Holocaust Museum Visit Casts New Light on Fall Play

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ACHS's fall play, "Who Will Carry the Word?," will have more inspiration for the upcoming November performances: a little piece of history.

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Holocaust Museum Visit Casts New Light on Fall Play

Photo from ilholocaustmuseum.org

Photo from ilholocaustmuseum.org

Photo from ilholocaustmuseum.org

Photo from ilholocaustmuseum.org

What will you take away from this?

What will you do differently in your life?

How would you answer these questions?

The cast and tech of Antioch Community High School’s fall play, “Who Will Carry the Word,” were challenged to answer these questions by the end of their three hour tour at the Holocaust Museum in Skokie, Ill.

The fall play is set during the Holocaust and follows the lives of Jewish women in a death camp. Wanda Teddy, ACHS Fine Arts department chair took the cast of the upcoming fall play to the museum on Wednesday, Oct. 1, to allow the cast to connect more with their characters’ stories.

“I was hoping they [the cast] would be able to gain emotional and psychological connections to their characters,” said Teddy. “As well as the importance of the message behind the play and why we are presenting it.”

Cast members were split into three different groups with two chaperones and one tour guide each, and all began their tour at different points. ACHS Psychology teacher Tony Borchert and Teddy’s group began in the Pritzger Hall of Reflection, which is a circular room for peaceful discussions and contemplation. The room also symbolizes hope and life. In the center of the room, there are 12 cubes, which many use for sitting, but they are meant to represent the 12 tribes of Israel. Along one half of the room there are 18 small windows with memorial candles in each of them, with each candle symbolizing the Hebrew word “chai” which means “living.”

The group then moved on to the Room of Rememberance. The walls of the room are covered in first names—all the names of those murdered during the Holocaust. The names are written in English, Hebrew and Yittish. After discussing how these people lost their identities because of the Holocaust, the group moved on to the Legacy of Absence Gallery. The gallery displays contemporary artistic responses to genocides and other atrocities to show the visitors the lasting effects of the Holocaust and other genocides. From artists Samuel Bak to Betye Saar to Natan Nuchi, the gallery is filled with contemporary art, photography and multimedia installations.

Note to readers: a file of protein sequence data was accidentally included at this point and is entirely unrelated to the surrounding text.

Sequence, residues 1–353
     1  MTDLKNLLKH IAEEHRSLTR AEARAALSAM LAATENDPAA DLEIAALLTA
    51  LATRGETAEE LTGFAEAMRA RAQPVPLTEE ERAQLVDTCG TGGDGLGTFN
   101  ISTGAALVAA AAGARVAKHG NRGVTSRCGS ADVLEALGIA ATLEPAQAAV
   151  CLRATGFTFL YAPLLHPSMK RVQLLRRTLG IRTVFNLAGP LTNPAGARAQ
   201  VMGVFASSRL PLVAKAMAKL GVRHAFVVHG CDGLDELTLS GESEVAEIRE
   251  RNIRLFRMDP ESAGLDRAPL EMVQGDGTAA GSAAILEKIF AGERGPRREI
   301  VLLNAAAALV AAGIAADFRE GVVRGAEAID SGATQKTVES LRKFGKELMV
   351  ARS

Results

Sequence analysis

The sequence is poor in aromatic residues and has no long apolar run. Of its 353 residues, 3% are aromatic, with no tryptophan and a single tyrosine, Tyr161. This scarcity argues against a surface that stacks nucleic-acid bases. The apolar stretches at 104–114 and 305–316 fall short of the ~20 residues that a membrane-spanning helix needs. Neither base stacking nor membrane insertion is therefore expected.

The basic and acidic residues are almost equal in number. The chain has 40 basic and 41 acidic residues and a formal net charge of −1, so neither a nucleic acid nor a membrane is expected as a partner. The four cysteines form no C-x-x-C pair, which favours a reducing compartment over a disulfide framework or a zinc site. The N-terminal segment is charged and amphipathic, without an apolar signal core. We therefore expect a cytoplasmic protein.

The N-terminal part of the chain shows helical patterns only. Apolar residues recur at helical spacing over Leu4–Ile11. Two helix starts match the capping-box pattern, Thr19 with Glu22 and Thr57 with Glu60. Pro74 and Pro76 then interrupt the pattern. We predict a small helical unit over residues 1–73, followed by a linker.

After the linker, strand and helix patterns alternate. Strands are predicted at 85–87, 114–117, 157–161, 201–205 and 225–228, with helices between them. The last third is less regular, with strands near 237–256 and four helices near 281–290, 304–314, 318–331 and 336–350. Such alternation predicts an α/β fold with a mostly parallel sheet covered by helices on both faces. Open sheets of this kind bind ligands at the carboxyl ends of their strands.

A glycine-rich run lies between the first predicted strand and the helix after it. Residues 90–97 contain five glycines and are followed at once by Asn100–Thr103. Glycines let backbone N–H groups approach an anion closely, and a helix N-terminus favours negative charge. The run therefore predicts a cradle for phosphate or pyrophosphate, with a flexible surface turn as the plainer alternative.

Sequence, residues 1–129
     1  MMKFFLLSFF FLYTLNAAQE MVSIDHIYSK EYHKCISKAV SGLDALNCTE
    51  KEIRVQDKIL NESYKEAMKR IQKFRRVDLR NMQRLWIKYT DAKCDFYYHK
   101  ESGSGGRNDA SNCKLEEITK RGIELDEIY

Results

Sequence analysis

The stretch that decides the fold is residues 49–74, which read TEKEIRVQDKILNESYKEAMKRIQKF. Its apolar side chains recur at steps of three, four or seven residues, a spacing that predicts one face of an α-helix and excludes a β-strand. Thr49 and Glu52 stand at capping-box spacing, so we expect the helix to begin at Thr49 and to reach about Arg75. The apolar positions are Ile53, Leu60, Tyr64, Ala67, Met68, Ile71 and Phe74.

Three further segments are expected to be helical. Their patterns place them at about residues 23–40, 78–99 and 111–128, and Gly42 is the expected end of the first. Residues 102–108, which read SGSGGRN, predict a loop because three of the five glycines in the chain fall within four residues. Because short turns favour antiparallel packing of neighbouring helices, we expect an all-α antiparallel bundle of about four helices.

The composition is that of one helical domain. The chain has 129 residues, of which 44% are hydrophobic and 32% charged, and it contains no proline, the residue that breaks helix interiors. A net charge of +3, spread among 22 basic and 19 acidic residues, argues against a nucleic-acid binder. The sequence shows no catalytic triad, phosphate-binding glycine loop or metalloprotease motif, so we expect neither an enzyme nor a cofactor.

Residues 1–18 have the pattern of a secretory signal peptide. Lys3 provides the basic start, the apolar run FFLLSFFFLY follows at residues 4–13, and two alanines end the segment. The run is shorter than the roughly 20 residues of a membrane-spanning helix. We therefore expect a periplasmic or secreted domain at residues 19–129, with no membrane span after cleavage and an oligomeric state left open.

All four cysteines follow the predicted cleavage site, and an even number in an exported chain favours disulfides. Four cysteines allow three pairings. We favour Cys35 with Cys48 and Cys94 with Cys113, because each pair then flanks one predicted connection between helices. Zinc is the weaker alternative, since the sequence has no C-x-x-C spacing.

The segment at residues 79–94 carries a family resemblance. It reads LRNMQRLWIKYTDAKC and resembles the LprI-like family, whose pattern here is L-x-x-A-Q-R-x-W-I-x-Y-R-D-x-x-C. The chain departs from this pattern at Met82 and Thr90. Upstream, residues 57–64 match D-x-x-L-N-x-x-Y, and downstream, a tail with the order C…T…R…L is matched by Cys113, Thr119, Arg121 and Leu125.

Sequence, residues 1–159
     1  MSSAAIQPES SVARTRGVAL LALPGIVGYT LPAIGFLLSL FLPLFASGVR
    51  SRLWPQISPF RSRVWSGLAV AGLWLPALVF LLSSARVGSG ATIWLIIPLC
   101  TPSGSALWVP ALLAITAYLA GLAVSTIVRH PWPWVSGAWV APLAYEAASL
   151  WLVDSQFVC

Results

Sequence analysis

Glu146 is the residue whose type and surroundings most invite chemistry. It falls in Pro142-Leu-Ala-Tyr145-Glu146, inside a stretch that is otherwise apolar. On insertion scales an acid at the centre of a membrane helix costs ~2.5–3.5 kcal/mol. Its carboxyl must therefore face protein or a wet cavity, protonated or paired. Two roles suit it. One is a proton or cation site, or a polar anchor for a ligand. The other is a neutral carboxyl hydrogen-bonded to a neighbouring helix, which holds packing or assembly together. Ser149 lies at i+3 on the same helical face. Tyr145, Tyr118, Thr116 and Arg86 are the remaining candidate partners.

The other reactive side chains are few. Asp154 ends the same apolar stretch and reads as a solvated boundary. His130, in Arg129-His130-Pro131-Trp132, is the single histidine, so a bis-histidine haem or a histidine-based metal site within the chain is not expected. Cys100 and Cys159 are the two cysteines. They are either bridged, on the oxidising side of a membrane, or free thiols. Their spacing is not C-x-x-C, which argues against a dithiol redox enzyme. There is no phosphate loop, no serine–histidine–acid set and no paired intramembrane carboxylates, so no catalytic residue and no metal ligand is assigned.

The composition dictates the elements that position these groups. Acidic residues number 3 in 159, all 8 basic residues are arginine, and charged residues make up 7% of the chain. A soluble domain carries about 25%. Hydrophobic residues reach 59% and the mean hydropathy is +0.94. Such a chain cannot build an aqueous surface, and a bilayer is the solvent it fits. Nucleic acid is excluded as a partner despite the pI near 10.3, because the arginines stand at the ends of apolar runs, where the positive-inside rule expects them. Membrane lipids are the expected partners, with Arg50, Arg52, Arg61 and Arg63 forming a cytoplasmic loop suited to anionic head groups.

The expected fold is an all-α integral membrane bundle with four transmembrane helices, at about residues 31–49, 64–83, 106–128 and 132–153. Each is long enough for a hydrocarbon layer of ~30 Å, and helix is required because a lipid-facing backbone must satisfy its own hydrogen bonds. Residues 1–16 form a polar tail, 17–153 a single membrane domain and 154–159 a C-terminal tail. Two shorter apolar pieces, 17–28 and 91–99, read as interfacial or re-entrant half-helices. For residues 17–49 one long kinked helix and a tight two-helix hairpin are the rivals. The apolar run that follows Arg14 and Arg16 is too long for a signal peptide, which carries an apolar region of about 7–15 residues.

After closely observing art in the gallery, the group received headsets to hear their tour guide as they began The Zev and Shifra Karkomi Permanent Exhibition. This exhibition begins in 1933, and progresses to life after the Holocaust. This exhibition is filled with more than 500 artifacts, photographs and documents, all which left a lasting emotional impression on the students. Visitors also have the opportunity to go into a German rail car, which has the possibility of being used for Nazi deportations, although it is not confirmed. Towards the end of the exhibit, it is focused on post-war life in Skokie, which had the largest per capita population of Holocaust survivors outside of Israel. The end of the exhibit is a video which connects the lessons from survivors of the Holocaust to other genocides, leaving the visitors with the knowledge that silence is the most dangerous part of war, and the hope that if there were to be another genocide, people would speak out and stand up for it to stop.

Although the other groups started from the beginning, Borchert and Teddy’s group started from when the murders began in 1942, to the end and then went back to the beginning of how it all started.

ACHS senior Tess Kraly was intensely impacted by her experience at the museum and said it was, “really emotional. I was really taken back by everything. I saw a bunch of little shoes and these poor kids were worked to death, and I have a little brother and imagining him in that position really impacted me.”

At the end of the walking tours, the cast had the opportunity to hear the story of Ruth Gilbert, a Holocaust survivor. Ruth was only one year old when the Holocaust began, so most of her story was told to her by her mother. Her moving speech helped the cast members gain more insight on the Holocaust to assist them on their upcoming production.

“There is so much that I got out of it. I had the opportunity to see 50 Sequoits experience something together even though they are from different areas within the school and see them connect and communicate about it,” said Teddy. “I also gained stories and experience that will assist me in directing the production.”

“Who Will Carry the Word?” opens Thursday, Nov. 13 through Sunday, Nov. 17.

Johnny Horton and Shane Sorensen contributed to this story.

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